Many Catholics on the Right were highly critical of this Jesuit in the years immediately after Vatican II for his role in formulating the “Declaration on Religious Freedom.” The critics took him to task for surrendering too much of the Church’s authority in the lawmaking process of democratic countries.
Let’s leave that issue for another day, because, whatever one thinks of Murray’s views on the separation of church and state, his insights into one of the moral dimensions to the United States’ stance against the Soviet Union during the Cold War are illuminating in regard to current military involvement in Iraq.
Let us also agree for the time being to set aside the question of whether the Bush administration misled us about the existence of Iraq’s weapons of mass destruction and focus on another issue: the question of why the administration felt it crucial to beat the drums about the existence of those weapons. Why did the Bush team think the presence of weapons of mass destruction in Iraq the key to rallying American public opinion in support of the war? What does that say about us? Is it an admirable trait, or a troubling one? Why, asks Murray, must “national survival” appear to be at risk before Americans are willing to back a large-scale application of military force in the world arena?
To see what all this has to do with the war in Iraq, in the passages from Murray’s essay that follow substitute the terms “al Qaeda,” “Islamic fundamentalists” or “Muslim terrorists” for “the Soviet Union,” “Communist Revolution,” and “Communist leadership.”
Murray begins by noting that our adversary during the Cold War was not irrational:
We may be quite sure that the Communist [Islamic fundamentalist] mind, with its realistic and strategic habits of thought, has carefully separated the problem of the “survival” of the Communist [Muslim fundamentalist] Revolution from the problem of war. The Communist [Muslim fundamentalist] leadership has not the slightest intention of making “survival” the issue to be settled by force of arms.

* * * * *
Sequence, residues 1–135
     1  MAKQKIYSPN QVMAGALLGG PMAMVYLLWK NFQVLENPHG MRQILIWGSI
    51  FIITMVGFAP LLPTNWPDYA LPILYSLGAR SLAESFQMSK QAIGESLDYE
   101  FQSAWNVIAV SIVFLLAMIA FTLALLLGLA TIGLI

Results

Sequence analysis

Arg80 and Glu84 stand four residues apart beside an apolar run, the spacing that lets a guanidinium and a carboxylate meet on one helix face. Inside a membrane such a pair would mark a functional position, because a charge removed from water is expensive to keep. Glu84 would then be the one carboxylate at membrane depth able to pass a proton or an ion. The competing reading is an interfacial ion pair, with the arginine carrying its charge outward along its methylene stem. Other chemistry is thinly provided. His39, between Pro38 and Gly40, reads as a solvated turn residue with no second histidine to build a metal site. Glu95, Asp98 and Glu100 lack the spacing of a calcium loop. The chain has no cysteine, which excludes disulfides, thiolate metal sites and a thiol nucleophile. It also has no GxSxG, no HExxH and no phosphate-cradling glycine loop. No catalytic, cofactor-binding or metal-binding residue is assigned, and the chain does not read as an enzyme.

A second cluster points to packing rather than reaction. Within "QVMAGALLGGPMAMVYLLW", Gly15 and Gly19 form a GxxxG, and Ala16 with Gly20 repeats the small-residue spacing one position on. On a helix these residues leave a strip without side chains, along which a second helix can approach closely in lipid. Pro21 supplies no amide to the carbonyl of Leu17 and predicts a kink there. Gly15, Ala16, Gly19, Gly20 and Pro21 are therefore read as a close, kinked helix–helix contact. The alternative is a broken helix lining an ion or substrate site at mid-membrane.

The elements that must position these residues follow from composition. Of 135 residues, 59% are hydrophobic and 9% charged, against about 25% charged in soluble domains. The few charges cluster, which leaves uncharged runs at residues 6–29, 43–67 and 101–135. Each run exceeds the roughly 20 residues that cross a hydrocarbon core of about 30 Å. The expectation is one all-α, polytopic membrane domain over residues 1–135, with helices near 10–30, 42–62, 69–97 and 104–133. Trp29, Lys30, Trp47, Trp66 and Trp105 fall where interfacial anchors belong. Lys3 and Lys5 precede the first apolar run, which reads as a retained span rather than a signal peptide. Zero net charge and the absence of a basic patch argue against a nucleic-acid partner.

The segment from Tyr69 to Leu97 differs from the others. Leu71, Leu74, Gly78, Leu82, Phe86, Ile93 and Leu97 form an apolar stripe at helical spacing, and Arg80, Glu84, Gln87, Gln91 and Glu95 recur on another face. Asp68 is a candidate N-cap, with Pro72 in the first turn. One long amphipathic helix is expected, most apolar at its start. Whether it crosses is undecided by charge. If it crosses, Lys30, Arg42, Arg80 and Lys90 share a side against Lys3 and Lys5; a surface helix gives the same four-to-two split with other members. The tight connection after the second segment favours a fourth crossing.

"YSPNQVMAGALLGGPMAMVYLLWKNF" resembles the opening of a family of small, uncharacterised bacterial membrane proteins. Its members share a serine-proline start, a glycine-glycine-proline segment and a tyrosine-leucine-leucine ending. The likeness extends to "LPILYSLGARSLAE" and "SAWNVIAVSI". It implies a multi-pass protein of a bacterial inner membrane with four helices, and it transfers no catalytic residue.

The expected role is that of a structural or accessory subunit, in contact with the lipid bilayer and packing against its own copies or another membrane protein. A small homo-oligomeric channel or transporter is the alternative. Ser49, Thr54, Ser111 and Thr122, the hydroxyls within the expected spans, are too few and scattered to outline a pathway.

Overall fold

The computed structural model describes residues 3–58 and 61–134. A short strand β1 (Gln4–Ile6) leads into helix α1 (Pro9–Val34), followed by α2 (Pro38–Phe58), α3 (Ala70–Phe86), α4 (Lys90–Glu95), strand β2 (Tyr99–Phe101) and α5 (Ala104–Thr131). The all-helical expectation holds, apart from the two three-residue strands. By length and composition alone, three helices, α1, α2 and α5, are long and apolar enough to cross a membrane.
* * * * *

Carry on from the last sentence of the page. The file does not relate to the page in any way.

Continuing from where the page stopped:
I don’t think anyone would disagree with that contention. The leaders of al Qaeda and the other Muslim terrorist groups are quite willing to send young men and women to their deaths in suicide missions, but they also go to great pains to keep themselves hidden and safe. They have no intention of being wiped out in a direct military confrontation with the West. They do not put their survival, or their movement’s survival, at risk.
But here’s the rub: “In contrast,” Murray contends,
America is not prepared to resort to arms until the issue of “survival” is raised. Survival is the only thing it is willing to risk. Not the least irony in the current situation is the fact that the West has surrendered to the East its own traditional doctrine, that “survival” is not, and should never be allowed to become, the issue at stake in war.
The major problem put to American policy at the moment is the problem that the Soviet Union [Muslim fundamentalism] has already solved in terms of policy, namely, how to be prepared to use force on all necessary or useful occasions, and at the same time to withdraw “survival” from the issues at stake in the use of force. “The children of this world are shrewder than the children of light in their dealings with their own kind” (Luke 16:9). The children of this world understand better the uses, and the uselessnesses, of this world’s darkest thing, force. They are shrewd enough to know that the institutions of this world can be advanced by force, but that their survival should not be put to the test of force.